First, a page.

William Noy Tonkin Hoskin EM

b. 1872 Pendeen, Cornwall. d. ? 1939 Falmouth, Cornwall. 

DATE OF EM ACTION: 11/05/1910 Wellington Colliery, Whitehaven, Cumberland.

William Noy Hoskin was born in Pendeen, Cornwall in 1872. All that is known about his early life though he did have an elder brother James. The first record of William is on the 1891 Census where he is living in St Just, Cornwall with his mother Elizabeth, who was now married to James Nicholas. At the time William was already working in the mining industry, and is it unclear why he moved as far north as Cumberland. In 1896, he married Mary Elizabeth Sewell in Whitehaven, near to his new place of work – Wellington Colliery. He and Mary had two sons, William and Jonah, and two daughters, Mary Elizabeth and Beatrice. Following his award of the Edward Medal, little else is known about him except that he must have returned to Cornwall. He died in Falmouth in 1939, aged 67.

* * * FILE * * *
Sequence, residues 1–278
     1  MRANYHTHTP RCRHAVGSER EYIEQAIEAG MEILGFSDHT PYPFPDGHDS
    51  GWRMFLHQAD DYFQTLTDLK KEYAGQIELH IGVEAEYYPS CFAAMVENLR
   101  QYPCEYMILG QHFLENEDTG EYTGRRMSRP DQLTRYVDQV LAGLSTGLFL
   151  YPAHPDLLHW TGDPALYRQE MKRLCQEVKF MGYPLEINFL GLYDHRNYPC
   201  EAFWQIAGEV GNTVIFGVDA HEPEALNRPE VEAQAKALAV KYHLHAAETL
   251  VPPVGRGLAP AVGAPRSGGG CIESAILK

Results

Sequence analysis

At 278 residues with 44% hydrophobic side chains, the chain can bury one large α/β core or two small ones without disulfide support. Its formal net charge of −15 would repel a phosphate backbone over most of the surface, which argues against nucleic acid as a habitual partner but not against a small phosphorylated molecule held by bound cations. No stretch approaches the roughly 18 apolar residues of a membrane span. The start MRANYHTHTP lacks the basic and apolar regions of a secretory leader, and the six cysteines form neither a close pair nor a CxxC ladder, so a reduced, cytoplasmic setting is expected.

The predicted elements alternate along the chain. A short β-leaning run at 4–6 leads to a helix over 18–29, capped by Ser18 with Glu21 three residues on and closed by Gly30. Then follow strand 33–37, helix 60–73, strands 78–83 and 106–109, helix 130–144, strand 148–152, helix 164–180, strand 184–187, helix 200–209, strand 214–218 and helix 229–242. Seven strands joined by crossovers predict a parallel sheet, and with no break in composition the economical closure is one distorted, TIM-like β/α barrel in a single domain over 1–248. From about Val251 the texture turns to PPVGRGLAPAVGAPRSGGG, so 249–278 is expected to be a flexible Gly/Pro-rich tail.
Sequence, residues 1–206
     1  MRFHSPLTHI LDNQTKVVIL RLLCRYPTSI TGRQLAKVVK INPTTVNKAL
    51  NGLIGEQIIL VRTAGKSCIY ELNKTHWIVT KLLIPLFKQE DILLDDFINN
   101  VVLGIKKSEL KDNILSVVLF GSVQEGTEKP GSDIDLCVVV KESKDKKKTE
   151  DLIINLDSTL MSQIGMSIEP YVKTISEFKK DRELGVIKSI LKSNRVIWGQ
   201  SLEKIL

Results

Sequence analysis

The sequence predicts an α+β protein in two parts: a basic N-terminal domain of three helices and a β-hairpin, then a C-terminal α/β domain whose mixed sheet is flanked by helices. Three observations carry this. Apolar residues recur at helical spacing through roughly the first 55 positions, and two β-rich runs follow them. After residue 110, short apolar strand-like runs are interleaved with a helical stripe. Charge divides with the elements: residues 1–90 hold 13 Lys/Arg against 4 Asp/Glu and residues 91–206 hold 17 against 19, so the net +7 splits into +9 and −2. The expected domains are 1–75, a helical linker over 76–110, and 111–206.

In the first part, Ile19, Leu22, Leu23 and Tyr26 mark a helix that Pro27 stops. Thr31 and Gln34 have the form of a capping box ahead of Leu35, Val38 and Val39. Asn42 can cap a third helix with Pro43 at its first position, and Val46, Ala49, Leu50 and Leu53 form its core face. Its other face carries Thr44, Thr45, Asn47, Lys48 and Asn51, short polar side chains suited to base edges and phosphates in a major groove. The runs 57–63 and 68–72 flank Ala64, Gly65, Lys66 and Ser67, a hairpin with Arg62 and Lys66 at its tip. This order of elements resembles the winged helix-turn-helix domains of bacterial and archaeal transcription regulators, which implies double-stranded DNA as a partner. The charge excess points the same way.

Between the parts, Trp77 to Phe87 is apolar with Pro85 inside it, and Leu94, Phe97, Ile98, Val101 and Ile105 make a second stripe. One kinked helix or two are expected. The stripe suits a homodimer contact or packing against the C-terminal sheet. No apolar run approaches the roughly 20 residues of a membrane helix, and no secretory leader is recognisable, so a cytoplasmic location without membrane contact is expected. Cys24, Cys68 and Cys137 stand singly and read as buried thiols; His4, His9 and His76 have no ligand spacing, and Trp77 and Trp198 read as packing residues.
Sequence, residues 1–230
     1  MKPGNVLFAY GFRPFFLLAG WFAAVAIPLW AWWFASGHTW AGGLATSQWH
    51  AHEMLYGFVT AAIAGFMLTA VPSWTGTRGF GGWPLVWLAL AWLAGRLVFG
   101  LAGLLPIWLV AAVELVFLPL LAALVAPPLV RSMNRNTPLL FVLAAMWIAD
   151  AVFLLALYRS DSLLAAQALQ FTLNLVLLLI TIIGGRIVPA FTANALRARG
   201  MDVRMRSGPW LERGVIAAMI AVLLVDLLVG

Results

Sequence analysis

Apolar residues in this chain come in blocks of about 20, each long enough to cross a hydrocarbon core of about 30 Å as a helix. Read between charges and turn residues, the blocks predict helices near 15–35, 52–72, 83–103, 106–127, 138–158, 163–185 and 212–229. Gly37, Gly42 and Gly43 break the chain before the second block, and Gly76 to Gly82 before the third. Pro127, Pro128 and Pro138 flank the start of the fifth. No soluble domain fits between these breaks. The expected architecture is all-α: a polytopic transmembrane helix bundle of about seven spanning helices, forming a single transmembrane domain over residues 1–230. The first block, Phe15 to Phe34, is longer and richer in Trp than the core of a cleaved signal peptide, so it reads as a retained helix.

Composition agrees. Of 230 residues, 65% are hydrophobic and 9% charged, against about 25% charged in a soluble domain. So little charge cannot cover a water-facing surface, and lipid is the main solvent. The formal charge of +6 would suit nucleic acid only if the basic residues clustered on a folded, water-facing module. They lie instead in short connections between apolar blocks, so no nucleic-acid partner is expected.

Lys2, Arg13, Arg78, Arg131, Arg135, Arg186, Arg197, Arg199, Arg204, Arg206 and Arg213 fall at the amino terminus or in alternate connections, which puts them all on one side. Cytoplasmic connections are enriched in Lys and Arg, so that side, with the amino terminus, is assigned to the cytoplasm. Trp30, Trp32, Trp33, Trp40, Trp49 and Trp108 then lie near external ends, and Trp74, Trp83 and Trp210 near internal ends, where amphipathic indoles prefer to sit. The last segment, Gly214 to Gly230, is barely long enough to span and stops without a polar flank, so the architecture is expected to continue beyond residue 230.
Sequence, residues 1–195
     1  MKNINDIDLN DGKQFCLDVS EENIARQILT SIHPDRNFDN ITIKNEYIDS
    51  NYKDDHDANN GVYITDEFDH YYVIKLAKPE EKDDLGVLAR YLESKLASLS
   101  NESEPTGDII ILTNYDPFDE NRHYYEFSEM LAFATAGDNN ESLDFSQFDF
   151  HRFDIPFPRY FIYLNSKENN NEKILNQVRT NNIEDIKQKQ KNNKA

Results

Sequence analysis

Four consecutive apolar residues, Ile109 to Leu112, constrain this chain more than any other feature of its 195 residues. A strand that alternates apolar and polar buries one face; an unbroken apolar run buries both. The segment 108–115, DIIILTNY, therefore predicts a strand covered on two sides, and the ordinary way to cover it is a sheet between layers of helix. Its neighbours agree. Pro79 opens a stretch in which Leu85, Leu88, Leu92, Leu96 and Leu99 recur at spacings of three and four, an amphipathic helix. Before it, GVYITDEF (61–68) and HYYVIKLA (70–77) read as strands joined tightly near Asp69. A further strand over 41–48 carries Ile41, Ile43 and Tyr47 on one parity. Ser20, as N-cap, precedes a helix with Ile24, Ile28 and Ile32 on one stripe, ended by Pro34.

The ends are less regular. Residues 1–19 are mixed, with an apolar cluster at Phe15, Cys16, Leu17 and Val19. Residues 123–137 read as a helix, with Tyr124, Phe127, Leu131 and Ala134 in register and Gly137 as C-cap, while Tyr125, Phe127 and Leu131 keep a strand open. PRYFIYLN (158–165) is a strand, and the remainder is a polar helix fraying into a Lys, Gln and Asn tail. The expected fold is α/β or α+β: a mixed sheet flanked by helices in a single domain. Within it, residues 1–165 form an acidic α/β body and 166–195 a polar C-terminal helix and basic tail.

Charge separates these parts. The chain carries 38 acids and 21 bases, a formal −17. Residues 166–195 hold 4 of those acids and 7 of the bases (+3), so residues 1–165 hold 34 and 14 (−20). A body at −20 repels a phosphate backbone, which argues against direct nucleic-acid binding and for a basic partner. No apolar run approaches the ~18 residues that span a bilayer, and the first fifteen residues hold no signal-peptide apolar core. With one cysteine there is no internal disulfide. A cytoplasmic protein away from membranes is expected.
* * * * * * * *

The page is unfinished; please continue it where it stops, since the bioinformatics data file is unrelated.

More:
On the 11th May, 1910, a terrible fire occurred in the Wellington Pit, Whitehaven, at a point about 4,500 yards from the shafts. Various rescue parties, with great courage and self-devotion and at considerable risk, descended the mine and endeavoured to extinguish the fire and penetrate to the persons in the workings beyond the same. Thorne and Littlewood, fitted with breathing apparatus, reached within a distance of 150 yards of the fire, but were driven back by the great heat and effusion of gases. The others got to within about 300 yards of the fire, working in the smoke backing from the fire. It was found impossible to penetrate to the scene of the fire or to rescue any of the entombed miners. Had an explosion occurred — a by no means unlikely eventuality, seeing that the mine is a very gassy one — they would undoubtedly all have been killed. Special gallantry was shown by John Henry Thorne, to whom the Edward Medal of the First Class has already been awarded, and by James Littlewood.